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Junk Castle


Not for everyone modern and luxury house architecture is what they want. Some people think different about green buildings and this house is a great example of this way of thinking. Residents of this house do not have to spend thousands of dollars in order to do something good to our planet. Those people simply create something beautiful from trash and called their work Junk Castle. This building is located in Washington and it is constructed from many different items, including washing machine parts, miscellaneous housings, sheet metal, dryer doors, bedsteads and even a door from a 1952 Oldsmobile. The Junk Castle symbolizing the reusability of junk as well as showing off the designer’s creativity. The building was created by former art teacher Victor Moore and his wife Bobbie.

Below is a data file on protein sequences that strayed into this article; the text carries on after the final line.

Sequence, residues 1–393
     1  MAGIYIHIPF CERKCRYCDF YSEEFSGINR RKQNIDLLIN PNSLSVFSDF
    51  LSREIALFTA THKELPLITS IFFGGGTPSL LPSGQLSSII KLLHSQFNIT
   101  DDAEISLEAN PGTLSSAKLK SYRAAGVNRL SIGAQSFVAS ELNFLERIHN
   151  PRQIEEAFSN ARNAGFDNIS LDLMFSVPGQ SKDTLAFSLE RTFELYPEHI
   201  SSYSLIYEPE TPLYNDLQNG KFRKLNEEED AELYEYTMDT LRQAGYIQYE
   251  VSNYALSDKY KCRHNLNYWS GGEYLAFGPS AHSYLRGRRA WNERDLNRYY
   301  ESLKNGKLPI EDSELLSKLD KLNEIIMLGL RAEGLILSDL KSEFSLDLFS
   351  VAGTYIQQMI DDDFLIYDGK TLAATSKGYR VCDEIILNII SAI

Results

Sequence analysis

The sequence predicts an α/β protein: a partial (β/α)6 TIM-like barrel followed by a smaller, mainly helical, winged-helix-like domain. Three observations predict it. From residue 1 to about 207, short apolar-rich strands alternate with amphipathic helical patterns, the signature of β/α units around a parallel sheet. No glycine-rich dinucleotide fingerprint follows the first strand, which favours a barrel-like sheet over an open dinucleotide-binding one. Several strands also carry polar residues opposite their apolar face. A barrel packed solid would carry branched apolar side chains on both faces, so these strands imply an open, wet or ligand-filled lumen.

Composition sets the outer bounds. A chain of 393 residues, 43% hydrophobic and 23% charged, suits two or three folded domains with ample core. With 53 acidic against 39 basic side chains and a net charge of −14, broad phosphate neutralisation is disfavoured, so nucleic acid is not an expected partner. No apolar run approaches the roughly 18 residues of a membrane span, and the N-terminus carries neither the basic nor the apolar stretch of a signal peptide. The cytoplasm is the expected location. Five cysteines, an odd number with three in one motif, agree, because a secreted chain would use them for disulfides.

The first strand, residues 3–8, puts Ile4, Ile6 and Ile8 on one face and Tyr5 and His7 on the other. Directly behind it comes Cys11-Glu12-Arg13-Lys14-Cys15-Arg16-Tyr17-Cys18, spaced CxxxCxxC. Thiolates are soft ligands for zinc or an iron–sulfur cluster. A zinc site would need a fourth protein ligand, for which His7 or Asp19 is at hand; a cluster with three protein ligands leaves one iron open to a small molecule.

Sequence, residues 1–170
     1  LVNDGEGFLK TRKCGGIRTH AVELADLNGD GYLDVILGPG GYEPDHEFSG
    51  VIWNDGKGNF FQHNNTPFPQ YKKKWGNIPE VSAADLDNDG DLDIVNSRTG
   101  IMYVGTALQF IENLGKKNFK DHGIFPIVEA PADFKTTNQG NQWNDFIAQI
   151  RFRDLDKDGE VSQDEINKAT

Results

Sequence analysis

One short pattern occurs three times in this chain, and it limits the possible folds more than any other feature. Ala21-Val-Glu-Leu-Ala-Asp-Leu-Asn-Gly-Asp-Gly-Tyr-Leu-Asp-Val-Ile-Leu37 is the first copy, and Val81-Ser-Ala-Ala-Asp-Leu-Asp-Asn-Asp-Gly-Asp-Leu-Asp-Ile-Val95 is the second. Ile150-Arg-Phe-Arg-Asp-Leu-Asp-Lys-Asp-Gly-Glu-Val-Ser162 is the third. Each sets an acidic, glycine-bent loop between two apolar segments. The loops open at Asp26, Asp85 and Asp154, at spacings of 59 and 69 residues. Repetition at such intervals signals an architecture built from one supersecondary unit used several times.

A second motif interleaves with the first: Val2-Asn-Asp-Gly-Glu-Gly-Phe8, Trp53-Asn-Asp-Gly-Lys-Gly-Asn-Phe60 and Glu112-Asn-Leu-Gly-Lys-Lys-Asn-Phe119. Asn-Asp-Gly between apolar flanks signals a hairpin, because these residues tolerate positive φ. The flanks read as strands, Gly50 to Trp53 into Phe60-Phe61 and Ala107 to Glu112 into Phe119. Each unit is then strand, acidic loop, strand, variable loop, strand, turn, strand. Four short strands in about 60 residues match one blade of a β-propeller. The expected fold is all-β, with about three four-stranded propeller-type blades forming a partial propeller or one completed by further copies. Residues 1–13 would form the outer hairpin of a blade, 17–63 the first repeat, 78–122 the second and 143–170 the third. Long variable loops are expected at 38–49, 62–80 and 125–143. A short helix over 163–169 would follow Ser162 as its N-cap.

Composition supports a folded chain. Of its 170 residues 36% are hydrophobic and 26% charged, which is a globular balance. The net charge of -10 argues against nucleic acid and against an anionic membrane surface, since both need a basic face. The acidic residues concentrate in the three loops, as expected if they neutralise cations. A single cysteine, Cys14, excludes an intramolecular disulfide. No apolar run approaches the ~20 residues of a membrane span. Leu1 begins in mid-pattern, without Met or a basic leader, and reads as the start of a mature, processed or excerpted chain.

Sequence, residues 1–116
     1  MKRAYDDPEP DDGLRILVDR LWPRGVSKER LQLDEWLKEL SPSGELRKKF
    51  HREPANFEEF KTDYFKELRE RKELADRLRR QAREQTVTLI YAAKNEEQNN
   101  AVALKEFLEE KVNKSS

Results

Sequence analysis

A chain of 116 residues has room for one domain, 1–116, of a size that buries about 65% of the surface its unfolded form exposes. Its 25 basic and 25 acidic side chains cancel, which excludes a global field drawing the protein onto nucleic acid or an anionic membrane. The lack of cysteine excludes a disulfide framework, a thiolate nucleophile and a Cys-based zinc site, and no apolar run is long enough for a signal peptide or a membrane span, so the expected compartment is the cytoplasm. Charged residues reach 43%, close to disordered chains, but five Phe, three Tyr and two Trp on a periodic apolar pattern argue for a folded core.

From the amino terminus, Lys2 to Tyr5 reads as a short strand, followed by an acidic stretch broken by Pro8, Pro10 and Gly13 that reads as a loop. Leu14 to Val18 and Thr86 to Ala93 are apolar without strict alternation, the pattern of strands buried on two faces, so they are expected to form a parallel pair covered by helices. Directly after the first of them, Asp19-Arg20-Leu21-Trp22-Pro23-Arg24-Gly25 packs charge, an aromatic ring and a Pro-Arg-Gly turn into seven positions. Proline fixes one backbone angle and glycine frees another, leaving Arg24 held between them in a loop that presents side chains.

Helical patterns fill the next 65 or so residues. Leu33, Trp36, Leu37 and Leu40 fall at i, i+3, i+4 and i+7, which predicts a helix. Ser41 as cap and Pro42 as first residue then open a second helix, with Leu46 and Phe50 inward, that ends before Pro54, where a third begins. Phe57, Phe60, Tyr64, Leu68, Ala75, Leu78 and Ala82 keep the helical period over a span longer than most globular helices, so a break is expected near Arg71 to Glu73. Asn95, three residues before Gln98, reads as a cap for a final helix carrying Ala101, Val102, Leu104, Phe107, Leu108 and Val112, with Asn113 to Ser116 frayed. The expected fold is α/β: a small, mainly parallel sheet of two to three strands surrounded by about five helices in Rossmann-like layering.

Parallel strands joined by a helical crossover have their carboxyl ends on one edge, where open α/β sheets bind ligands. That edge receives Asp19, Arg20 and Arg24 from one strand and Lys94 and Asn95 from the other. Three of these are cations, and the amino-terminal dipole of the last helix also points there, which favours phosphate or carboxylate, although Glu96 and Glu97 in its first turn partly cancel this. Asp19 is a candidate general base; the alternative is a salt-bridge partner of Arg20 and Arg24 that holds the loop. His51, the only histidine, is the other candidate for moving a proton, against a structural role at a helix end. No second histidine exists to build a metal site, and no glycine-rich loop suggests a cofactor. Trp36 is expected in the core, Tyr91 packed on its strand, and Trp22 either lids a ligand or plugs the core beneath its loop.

This definition is broad and inclusive permitting many different interpretations; however, the underlying objective is that architectural reuse may be understood as an evolutionary process occurring over time. Like ecological succession, adaptive reuse deals with directional change, a gentle and unpredictable temporal shift is the whole basis of the building’s structure and function. The castle is featured in several books including “Strange Sites” by Jim Christy, “Fantasy Worlds” by John Maizels and “Fantastic Architecture” published by Abrams. Adaptive reuse “slows nutrient loss” while contributing to the diversity, complexity and continuity of a particular place. People all over the world who have heard about this castle have shown such a positive attitude to its concept that this castle indeed qualifies as a competitor in the dream castle segment.


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